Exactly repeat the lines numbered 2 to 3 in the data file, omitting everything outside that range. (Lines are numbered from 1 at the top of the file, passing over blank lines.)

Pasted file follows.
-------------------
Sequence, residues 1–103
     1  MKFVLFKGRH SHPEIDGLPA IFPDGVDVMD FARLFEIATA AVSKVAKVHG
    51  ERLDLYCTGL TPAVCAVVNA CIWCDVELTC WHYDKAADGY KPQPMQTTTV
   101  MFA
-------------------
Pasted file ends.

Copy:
     1  MKFVLFKGRH SHPEIDGLPA IFPDGVDVMD FARLFEIATA AVSKVAKVHG
    51  ERLDLYCTGL TPAVCAVVNA CIWCDVELTC WHYDKAADGY KPQPMQTTTV